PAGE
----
Have you ever thoroughly cleaned and removed all the clutter from a room just to have it all back in a few months? Or, have you successfully cleaned out one part of the house while you simultaneously cluttered up another?
Why do you suppose this happens? It could be because truly cleaning up the clutter is a lifestyle change. It's not something that happens overnight for most people. A cluttered home can be quite hard to deal with, both emotionally and physically. Sometimes, we muster a herculean effort and clean things up. It even looks fantastic, for the short term. But, unless certain life changes take place, the effect is only temporary.
So what are the possible lifestyle changes that need to happen in order for you to solve your clutter problem? Here's what I've come up with in the past year and a half since I've been blogging about cleaning up the clutter in my house.
1. Figure our how the clutter gets into your home. This is crucial to ending the influx of stuff into your home and your life. A clutter problem will never be resolved if the clutter keeps finding its way in. You may have to ask yourself some hard questions. Are you a shop-a-holic? Do you accept too much stuff from well-meaning friends and relatives? Do you go overboard at garage sales?
2. Have you developed a daily decluttering habit? Many people have cleaning routines, but it's common for decluttering to be overlooked as a daily task. If clutter is an ongoing problem in your house, it might be time to make a 15-minute decluttering session a part of your regular routine. Don't wait until it takes a weeks worth of vacation days and a dumpster rental to declutter. Do it bit by bit and it will never get out of control.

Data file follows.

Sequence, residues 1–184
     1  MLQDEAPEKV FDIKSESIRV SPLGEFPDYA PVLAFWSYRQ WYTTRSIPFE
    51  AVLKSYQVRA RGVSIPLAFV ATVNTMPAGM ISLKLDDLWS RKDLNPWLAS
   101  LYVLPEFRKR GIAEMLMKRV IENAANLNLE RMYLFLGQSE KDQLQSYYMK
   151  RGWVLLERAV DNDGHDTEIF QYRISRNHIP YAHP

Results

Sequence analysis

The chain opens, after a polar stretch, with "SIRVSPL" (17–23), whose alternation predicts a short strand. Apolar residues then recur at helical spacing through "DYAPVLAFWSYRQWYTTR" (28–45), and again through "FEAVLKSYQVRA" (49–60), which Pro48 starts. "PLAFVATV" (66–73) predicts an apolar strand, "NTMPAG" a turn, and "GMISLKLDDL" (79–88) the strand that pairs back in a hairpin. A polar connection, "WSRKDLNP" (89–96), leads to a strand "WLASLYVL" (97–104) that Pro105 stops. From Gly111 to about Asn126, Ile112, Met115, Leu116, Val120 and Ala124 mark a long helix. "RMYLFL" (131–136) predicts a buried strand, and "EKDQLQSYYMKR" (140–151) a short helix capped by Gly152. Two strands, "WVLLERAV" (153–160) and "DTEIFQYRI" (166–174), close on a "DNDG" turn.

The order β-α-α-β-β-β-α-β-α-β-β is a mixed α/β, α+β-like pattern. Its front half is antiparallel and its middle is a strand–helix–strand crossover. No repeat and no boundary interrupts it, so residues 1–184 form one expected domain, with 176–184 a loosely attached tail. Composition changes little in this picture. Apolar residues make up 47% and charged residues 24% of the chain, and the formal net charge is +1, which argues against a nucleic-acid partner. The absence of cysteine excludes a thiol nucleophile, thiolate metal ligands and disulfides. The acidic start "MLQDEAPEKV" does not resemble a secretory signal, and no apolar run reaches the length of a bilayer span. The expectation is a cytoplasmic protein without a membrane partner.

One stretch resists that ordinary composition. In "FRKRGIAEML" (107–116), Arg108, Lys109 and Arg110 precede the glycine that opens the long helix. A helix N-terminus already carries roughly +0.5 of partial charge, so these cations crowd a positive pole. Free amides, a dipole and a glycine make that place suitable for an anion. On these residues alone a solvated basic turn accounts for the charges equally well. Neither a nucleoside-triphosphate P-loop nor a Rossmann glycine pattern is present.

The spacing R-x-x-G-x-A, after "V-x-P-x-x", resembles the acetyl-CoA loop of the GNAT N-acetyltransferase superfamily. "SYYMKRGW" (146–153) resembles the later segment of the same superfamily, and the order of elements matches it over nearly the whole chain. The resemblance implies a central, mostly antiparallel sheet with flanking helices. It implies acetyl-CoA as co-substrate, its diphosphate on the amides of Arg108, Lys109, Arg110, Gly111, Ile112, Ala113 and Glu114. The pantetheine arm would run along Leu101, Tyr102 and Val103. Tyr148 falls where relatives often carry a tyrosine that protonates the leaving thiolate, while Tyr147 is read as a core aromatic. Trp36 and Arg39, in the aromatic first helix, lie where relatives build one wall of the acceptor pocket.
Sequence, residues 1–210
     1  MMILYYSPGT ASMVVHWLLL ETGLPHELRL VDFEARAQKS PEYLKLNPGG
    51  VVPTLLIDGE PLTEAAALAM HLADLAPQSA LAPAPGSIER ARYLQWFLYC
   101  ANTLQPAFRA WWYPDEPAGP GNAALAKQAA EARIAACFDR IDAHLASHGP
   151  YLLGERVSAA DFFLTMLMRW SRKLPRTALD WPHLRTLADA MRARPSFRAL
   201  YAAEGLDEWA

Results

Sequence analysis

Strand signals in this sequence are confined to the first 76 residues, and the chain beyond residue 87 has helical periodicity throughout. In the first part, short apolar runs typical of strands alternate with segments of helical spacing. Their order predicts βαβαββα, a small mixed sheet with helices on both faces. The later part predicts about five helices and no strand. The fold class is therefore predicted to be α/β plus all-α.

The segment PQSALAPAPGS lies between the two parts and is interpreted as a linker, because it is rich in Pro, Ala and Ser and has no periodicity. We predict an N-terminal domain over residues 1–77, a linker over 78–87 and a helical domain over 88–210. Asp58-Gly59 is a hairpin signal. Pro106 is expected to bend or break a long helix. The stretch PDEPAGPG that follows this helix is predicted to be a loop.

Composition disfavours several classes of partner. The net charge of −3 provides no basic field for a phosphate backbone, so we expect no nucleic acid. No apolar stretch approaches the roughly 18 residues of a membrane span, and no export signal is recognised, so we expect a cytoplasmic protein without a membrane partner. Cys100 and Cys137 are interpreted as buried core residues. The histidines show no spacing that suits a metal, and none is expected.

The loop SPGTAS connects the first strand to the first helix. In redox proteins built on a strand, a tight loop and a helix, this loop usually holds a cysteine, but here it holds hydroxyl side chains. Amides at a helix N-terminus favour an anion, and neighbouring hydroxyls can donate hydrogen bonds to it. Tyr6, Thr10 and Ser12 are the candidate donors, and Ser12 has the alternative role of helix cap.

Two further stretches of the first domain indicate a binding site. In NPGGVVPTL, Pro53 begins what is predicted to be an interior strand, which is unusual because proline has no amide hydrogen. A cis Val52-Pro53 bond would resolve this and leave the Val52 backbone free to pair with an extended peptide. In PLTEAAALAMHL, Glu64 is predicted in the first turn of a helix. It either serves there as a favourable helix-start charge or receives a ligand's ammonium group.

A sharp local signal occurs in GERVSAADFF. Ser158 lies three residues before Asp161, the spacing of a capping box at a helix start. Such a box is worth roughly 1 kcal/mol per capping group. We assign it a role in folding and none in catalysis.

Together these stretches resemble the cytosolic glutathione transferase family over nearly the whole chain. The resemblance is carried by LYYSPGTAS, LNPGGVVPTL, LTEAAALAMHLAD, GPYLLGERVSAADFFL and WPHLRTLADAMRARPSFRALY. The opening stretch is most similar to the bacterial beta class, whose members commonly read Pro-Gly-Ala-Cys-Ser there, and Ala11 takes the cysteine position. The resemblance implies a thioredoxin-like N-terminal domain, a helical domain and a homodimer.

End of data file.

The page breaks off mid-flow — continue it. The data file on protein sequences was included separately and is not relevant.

3. Is there a physical issue keeping you from decluttering? It took me a long time to realize that I was suffering from fatigue. I know that I wasn't doing as much each day as I should have been doing because I was frequently tired. I'm taking steps to address that now and have already seen some improvement. If you've got a physical issue, like fatigue, pain or something else, that's keeping you from working to your potential at cleaning and decluttering, then it might be time to look for some solutions.
4. Are there psychological issues keeping you from decluttering? We've all heard of compulsive hoarding, the extreme problem that some people have with clutter. But, sometimes things aren't quite that bad, yet we still have more clutter in our home than we would like. Maybe there's an underlying reason for our inability to let go of stuff. If your clutter issue is severe, it may be time to seek some outside help. If it's not severe, it still might help you to do some emotional and psychological work of your own to address the clutter problem.
Taking a deeper look at the reasons behind the clutter is a good starting point to finding a long-term solution. By all means, continue to do the actual decluttering work. Get the extra stuff out of your house. Organize what's left. But, until you look for the root of the clutter problem, there's a good chance that it will come back time and again.
I'm finding my way to a clutter-free home now and finally, after a year and half on this journey, feel like I'm making real progress. But, it wasn't until I owned up to being fatigued and allowing too much stuff to come into my house that I really started to see progress. I'm hopeful that our home will be more comfortable and pleasant as we go into the coming months and years.